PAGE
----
By the end of Year 7, students should have a clear understanding of water resources and our rights, geographical skills, threats to ecosystems, impacts of tourism and the contrasting continent of Africa. 

By the end of Year 8, students should have a clear understanding of coastal processes, threats and management, extended geographical skills, population and migration over time, the rise of China OR conflict in the Middle East and risky places to live. 

By the end of Year 9, students should have a clear understanding of development across the globe, extreme weather and then towards the end move to an in-depth UK focus.  They should have a clear understanding of a variety of landscapes of the UK and the complex processes in their formation.   

All of these KS3 topics have been carefully chosen as many link to the local community e.g. tourism in Silloth and Keswick and coastal threats along the Solway coast.  Population issues link to the UK right now and the issues we face of an ageing population, which will have a direct impact on our students and they can consider options for the future.   Topics such as ‘risky places’, ‘The Middle East’ and ‘contrasting continent of Africa’ enable students to step outside of their local world and compare and contrast ways of life, education, healthcare, politics and how our world is interconnected.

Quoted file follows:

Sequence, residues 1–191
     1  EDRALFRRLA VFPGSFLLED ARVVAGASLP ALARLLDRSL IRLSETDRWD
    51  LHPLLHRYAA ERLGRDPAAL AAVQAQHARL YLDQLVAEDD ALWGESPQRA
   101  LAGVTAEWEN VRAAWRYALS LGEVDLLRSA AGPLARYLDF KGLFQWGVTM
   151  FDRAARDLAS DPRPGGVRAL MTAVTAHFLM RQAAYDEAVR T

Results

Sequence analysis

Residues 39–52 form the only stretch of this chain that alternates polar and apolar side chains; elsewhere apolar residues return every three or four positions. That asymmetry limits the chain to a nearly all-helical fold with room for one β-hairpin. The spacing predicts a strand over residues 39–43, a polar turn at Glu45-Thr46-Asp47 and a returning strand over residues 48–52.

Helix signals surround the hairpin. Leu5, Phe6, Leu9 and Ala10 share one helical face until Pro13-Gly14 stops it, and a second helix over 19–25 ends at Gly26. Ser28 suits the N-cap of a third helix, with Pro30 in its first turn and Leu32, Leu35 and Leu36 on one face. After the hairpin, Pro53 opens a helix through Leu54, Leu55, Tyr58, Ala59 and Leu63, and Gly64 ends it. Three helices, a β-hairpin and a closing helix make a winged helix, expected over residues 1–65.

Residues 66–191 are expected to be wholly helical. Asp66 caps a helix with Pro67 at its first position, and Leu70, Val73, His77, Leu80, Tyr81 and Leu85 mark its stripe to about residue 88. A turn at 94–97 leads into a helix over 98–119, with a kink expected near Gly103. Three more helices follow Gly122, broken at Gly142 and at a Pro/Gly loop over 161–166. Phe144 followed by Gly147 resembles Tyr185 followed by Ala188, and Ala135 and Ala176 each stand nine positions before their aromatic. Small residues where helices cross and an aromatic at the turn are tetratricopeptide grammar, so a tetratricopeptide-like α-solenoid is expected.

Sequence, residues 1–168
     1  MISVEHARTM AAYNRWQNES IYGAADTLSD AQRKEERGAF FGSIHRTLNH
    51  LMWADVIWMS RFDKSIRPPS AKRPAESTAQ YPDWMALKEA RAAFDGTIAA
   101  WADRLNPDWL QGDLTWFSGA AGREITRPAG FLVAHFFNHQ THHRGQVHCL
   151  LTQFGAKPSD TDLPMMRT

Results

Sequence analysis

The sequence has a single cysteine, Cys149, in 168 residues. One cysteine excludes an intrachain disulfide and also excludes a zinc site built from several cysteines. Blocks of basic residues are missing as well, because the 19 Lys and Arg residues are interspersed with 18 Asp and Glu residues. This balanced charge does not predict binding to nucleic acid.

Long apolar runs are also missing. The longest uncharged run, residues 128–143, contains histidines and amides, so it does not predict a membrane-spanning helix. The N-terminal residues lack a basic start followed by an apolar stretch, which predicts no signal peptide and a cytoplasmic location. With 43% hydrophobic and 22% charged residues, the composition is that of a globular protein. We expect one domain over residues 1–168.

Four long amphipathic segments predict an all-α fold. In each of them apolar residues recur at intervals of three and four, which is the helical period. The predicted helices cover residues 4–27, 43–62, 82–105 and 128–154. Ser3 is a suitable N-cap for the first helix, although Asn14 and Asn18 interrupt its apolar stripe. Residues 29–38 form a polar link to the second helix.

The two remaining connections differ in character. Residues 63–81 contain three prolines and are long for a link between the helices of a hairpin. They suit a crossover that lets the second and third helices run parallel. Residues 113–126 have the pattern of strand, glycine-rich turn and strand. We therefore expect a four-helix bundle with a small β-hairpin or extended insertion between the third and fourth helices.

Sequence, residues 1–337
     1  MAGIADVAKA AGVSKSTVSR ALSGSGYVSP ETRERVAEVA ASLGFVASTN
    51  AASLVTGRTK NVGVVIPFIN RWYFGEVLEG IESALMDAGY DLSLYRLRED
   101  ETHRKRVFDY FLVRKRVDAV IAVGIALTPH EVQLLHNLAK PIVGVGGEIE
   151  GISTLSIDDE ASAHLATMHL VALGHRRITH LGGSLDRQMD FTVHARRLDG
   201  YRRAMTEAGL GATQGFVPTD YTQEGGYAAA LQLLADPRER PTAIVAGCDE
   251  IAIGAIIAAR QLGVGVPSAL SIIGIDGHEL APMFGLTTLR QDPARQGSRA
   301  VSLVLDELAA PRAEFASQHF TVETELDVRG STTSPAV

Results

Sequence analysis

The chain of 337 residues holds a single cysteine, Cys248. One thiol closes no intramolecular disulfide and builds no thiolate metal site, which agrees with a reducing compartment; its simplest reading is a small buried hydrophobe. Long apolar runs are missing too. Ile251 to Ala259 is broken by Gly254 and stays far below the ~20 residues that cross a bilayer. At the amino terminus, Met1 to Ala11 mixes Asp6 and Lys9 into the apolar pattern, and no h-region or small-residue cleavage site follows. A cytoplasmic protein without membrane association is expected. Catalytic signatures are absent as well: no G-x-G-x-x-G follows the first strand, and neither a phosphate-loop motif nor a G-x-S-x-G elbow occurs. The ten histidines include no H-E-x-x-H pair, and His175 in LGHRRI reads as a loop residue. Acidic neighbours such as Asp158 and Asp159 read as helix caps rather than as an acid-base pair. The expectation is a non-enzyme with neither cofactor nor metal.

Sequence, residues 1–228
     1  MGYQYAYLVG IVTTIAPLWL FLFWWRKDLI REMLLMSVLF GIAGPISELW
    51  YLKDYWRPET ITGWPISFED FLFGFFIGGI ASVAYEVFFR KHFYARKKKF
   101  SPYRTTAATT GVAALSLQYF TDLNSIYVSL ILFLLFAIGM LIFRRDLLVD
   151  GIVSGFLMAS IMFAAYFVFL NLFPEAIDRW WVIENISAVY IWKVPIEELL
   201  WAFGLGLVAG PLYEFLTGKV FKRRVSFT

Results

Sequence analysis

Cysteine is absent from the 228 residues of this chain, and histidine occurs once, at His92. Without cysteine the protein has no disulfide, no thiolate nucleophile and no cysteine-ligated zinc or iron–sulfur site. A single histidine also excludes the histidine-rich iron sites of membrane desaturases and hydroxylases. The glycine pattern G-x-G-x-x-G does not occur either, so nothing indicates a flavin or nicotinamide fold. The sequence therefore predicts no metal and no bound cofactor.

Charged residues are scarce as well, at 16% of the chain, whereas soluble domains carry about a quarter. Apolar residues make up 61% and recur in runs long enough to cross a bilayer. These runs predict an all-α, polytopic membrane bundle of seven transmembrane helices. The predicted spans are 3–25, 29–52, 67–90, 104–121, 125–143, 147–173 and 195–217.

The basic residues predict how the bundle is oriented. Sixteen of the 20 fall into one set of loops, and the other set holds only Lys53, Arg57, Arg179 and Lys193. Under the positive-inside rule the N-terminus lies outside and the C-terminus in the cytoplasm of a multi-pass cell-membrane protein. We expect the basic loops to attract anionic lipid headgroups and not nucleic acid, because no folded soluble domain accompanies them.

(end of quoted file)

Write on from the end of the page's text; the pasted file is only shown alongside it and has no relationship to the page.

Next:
GCSE Geography Specification – OCR A 

By the end of Year 10, students will have an in depth understanding of UK geographical issues, including river and coastal landscapes, changes within UK society, its population and development and environmental challenges the UK faces, such as the link between extreme weather and flooding. 

By the end of Year 11, students will have broadened their learning to global issues, including threats to and sustainable management of coral reefs and tropical rainforests, causes of uneven development and the differences between countries and environmental threats such as climate change with an investigation into possible causes and current consequences. 

Course Content – GCSE Geography OCR A 

Unit 1: Living in the UK today (landscapes, people and environmental challenges) 

Unit 2: The world around us (ecosystems, people and environmental threats) 

Unit 3: Geographical skills (graphs, maps, statistics, your own fieldwork). You are required to undertake two pieces of fieldwork, one human and one physical. 


How will I be assessed? 

Unit 1 – 1 hour 15 minutes, 60 marks (30%) 

Unit 2 – 1 hour 15 minutes, 60 marks (30%)